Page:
Monday, 3 June 2013

A problem with Protestants (specifically) and women


Reflecting on my previous post...

and arguing from a background that patriarchy (male leadership) is necessary to long term stable or thriving institutions (patriarchy as the rule, but not ruling-out specific exceptions)...

it suddenly struck me that there is a problem mostly for Protestants and women - because when the inner ring is a leadership circle, and therefore all-male, then devout women have no special role or place.

So, the problem for Christians is to combine 1. patriarchy with 2. a 'mystery religion' - to enable distinct and a higher life of faith for both sexes, within a patriarchal context.


When monasticism is the ideal in the Catholic denominations (Eastern Orthodox, and as a sub-dominant but significant strand in Western Roman- and Anglo-Catholicism), then there is a place for especially devout women as nuns - indeed there have usually been more women in 'religious' orders and monasteries than men.

And Mormonism is a Temple religion, with the same access and status for devout women and men (via marriage and the family).

But in rejecting monasticism, Protestants removed a higher path open to women.

In theory, that is to say in Protestant theology, this does not matter to salvation and degree of sanctification - in practice, it probably does matter a lot to that minority of devout women who might in other denominations become nuns.


The answer would, I suppose, be Protestant nuns (and monks)

although that might prove difficult/ impossible to square with the foundational anti-clericalism of the Reformation as it survives in some of the Protestant denominations.


dearieme said...

And yet the post of Supreme Governor of the C of E has been held by Elizabeth I, Mary II (jointly with her fella), Anne, Victoria and Elizabeth II. Only under the last mentioned could it be said to be falling to bits.

Meantime the Roman church has been governed by a series of lamentable males, almost all of whom (I will except the Polish chap) have earned the scorn and derision of Christians and non-Christians alike.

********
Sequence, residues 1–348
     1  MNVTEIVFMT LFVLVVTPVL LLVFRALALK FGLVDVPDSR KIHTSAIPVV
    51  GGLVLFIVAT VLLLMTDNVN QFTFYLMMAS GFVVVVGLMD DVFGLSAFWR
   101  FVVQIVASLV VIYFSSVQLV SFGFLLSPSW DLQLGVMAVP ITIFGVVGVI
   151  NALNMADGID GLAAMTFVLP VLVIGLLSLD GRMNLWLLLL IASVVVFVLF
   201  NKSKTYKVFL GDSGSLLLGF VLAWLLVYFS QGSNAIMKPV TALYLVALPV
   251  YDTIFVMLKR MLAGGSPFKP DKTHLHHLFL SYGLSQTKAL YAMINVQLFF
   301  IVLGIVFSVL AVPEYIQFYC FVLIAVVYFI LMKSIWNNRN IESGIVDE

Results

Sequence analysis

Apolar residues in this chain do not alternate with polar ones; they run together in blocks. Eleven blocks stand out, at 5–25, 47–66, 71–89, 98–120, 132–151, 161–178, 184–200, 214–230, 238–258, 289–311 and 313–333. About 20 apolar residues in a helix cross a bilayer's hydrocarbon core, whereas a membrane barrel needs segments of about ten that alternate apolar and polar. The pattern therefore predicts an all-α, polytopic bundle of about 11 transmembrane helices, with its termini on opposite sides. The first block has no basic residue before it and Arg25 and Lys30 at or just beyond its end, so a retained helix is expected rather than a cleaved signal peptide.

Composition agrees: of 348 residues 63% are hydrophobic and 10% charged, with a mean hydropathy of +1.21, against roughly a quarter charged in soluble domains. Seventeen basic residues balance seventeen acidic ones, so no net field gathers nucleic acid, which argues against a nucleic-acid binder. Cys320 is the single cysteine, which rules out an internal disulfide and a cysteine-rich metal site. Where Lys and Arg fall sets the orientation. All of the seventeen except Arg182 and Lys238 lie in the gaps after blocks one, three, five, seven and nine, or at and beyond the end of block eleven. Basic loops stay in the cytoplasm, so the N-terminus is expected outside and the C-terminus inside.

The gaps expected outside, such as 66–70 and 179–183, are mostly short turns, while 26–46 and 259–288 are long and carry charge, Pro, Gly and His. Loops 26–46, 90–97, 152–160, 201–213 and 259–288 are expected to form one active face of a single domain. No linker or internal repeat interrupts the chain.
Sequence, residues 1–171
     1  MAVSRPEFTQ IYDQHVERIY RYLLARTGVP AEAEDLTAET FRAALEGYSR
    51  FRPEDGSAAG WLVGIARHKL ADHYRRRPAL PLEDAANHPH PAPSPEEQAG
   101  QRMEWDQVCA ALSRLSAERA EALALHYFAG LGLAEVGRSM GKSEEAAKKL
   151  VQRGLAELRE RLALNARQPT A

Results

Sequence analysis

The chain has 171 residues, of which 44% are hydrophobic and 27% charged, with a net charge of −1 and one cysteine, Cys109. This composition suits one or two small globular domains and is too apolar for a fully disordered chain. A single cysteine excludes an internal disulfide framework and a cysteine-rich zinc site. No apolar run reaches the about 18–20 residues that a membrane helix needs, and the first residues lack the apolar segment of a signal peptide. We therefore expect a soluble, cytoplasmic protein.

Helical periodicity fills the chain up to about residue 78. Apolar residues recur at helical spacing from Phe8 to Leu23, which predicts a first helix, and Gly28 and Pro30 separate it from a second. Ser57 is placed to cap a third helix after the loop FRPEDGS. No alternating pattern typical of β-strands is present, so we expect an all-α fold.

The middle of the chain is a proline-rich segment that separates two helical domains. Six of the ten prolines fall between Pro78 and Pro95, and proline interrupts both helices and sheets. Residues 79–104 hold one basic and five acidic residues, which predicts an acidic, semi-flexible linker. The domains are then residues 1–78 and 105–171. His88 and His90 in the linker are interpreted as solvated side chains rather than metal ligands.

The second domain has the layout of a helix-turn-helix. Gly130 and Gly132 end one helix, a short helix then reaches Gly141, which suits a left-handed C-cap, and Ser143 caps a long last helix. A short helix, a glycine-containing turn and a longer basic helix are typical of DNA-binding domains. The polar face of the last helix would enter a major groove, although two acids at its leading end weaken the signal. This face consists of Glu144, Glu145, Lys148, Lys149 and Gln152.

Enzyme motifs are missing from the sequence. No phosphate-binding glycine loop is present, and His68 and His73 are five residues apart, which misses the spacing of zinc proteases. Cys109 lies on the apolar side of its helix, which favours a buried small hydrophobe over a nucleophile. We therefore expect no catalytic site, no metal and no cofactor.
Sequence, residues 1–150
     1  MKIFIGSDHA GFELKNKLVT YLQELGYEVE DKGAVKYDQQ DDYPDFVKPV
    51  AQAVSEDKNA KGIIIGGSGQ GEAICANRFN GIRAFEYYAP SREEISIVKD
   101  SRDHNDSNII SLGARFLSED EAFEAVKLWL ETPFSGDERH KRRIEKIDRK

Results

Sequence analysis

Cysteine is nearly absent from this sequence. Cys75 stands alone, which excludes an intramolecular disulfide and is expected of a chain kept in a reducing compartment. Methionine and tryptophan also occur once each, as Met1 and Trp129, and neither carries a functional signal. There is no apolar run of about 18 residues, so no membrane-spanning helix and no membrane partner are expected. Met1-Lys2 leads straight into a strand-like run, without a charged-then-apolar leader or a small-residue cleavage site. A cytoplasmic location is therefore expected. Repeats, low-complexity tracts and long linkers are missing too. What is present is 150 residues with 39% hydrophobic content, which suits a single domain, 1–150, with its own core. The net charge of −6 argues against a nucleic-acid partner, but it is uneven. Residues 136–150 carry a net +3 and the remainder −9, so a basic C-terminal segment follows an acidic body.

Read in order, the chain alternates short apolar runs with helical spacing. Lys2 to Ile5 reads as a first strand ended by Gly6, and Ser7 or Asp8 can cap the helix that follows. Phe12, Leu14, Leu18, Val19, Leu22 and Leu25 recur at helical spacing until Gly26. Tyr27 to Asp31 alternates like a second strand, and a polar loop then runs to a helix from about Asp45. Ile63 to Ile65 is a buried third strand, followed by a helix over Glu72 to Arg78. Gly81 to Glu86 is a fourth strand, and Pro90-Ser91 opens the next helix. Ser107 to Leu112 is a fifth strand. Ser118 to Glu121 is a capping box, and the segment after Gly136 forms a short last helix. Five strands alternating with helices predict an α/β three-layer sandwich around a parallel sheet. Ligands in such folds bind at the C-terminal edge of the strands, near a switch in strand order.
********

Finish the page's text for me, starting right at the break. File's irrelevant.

Bruce Charlton said...

@d - Yaaas... insofar as the example really is applicable, and the monarch is not merely a figurehead (who has had all relevant powers - such as appointing Bishops or approving the prayer book - usurped by the Prime Minister, parliament or faceless bureaucrats) it falls into the category of 'exception' (in that female monarchs are, or at least were until a few months ago, exceptional, by default).

And monarchy doesn't really provide a realistic pathway for the especially devout female Protestant, does it?

Wurmbrand said...

Monasticism survives in the Lutheran world, although certainly few are involved.

Gnecht said...

This theme of monastic / communal living for non-Catholic, non-Orthodox... how about the Hutterites?

Sylvie D. Rousseau said...

Good conclusion to your other posts on the subject. Rejection of God-appointed patriarchy is indeed the main problem of Protestantism, while patriarchy in Mormonism, for example, is probably what constitutes its main truth and appeal.

Devout life in or out of convent:
I don't know about Orthodox or other churches, but Roman Catholics not only have various types of religious orders, but all sorts of affiliations and memberships are possible for those outside religious orders to participate more closely to formal religious life.

ramram said...

Regarding alternative for Protestant monasticism there are a few examples of "lay orders" in the Roman Catholic Church that could be easier to implement for Protestants.

One example would be Memores Domini:

C. said...

Protestantism also fails to provide a place for women who (for whatever reason) prefer not to marry and have children. In fact the reaction of modern Protestants is usually to deny that this type of woman exists.

I think I've said it before on this blog - the failure of most Western churches to provide places for women outside of the nuclear family model is a bigger problem than it seems, because these women are disproportionately powerful and influential in society.

Bruce Charlton said...

@C - Agreed; but to clarify, it is a 'life' that is needed, not a job - and opening the priesthood/ leadership is simply not an option (the evidence is overwhelming that this is a suicide pill without antidote for any institution).

C. said...

Oh, I agree completely! I was referring to monasticism.

Have you read any of Thomas Day's books? Oh the surface it's all about post-Vatican-II Catholic liturgy, but he makes a lot of deeper observations on the nature of worship and monasticism. One of the interesting things he talks about is the way that post-Vatican-II-style worship actually damaged the way women saw themselves in the Church: traditional masses were focused on God and just happened to have a priest walking around mumbling things in Latin, whereas modern masses, being "freer", focus almost entirely on the priest's (male, human) personality.

I'm Orthodox but occasionally attend Catholic services for geographical reasons - and I find that the "more patriarchal" religion consists of a guy who's mostly behind a screen the whole time and out-voiced by the choir, while the Catholic one is a lone guy on stage with a microphone talking about whatever the hell he wants to talk about for an hour. I can definitely see why Catholic women would start to wonder why they can't be the one up there on stage talking about football or whatever. That doesn't make them right, but it's understandable.